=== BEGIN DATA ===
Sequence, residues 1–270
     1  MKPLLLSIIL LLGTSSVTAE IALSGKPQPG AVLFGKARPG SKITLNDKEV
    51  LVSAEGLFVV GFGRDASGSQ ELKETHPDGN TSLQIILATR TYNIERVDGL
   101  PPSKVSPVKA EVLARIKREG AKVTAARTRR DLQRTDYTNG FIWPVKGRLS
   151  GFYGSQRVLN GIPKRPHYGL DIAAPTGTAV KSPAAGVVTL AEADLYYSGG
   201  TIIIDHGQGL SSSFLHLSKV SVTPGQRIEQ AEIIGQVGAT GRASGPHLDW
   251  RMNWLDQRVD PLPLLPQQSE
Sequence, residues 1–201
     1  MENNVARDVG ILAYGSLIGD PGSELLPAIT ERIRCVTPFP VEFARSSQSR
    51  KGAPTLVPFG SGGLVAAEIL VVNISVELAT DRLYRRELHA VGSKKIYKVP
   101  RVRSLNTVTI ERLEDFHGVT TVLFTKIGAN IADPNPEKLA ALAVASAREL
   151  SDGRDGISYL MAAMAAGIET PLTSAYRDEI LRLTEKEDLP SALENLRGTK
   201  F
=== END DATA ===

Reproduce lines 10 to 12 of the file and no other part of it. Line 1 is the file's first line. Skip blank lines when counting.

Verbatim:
    51  KGAPTLVPFG SGGLVAAEIL VVNISVELAT DRLYRRELHA VGSKKIYKVP
   101  RVRSLNTVTI ERLEDFHGVT TVLFTKIGAN IADPNPEKLA ALAVASAREL
   151  SDGRDGISYL MAAMAAGIET PLTSAYRDEI LRLTEKEDLP SALENLRGTK